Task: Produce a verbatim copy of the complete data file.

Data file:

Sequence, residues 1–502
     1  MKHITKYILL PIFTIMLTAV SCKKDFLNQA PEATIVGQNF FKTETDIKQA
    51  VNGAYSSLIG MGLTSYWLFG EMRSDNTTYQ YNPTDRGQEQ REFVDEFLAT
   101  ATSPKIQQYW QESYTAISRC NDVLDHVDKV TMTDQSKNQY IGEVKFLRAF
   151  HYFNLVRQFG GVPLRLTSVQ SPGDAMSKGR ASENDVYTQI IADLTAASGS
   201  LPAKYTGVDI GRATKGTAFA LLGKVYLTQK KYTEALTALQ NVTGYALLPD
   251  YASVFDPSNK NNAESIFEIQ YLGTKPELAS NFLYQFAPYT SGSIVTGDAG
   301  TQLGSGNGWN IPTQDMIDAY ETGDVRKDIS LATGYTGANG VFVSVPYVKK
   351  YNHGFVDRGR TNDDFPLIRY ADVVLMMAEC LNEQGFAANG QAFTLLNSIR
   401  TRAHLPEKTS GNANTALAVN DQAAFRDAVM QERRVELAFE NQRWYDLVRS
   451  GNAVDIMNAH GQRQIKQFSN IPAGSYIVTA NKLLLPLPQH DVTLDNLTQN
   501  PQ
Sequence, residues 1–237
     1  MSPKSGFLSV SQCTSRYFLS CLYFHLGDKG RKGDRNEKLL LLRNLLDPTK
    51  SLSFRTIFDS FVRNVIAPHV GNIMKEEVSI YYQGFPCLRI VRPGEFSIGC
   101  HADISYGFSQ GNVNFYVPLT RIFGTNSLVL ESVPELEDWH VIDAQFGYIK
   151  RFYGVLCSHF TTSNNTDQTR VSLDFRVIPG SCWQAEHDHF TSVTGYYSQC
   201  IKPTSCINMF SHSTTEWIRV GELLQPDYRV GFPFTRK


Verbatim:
Sequence, residues 1–502
     1  MKHITKYILL PIFTIMLTAV SCKKDFLNQA PEATIVGQNF FKTETDIKQA
    51  VNGAYSSLIG MGLTSYWLFG EMRSDNTTYQ YNPTDRGQEQ REFVDEFLAT
   101  ATSPKIQQYW QESYTAISRC NDVLDHVDKV TMTDQSKNQY IGEVKFLRAF
   151  HYFNLVRQFG GVPLRLTSVQ SPGDAMSKGR ASENDVYTQI IADLTAASGS
   201  LPAKYTGVDI GRATKGTAFA LLGKVYLTQK KYTEALTALQ NVTGYALLPD
   251  YASVFDPSNK NNAESIFEIQ YLGTKPELAS NFLYQFAPYT SGSIVTGDAG
   301  TQLGSGNGWN IPTQDMIDAY ETGDVRKDIS LATGYTGANG VFVSVPYVKK
   351  YNHGFVDRGR TNDDFPLIRY ADVVLMMAEC LNEQGFAANG QAFTLLNSIR
   401  TRAHLPEKTS GNANTALAVN DQAAFRDAVM QERRVELAFE NQRWYDLVRS
   451  GNAVDIMNAH GQRQIKQFSN IPAGSYIVTA NKLLLPLPQH DVTLDNLTQN
   501  PQ
Sequence, residues 1–237
     1  MSPKSGFLSV SQCTSRYFLS CLYFHLGDKG RKGDRNEKLL LLRNLLDPTK
    51  SLSFRTIFDS FVRNVIAPHV GNIMKEEVSI YYQGFPCLRI VRPGEFSIGC
   101  HADISYGFSQ GNVNFYVPLT RIFGTNSLVL ESVPELEDWH VIDAQFGYIK
   151  RFYGVLCSHF TTSNNTDQTR VSLDFRVIPG SCWQAEHDHF TSVTGYYSQC
   201  IKPTSCINMF SHSTTEWIRV GELLQPDYRV GFPFTRK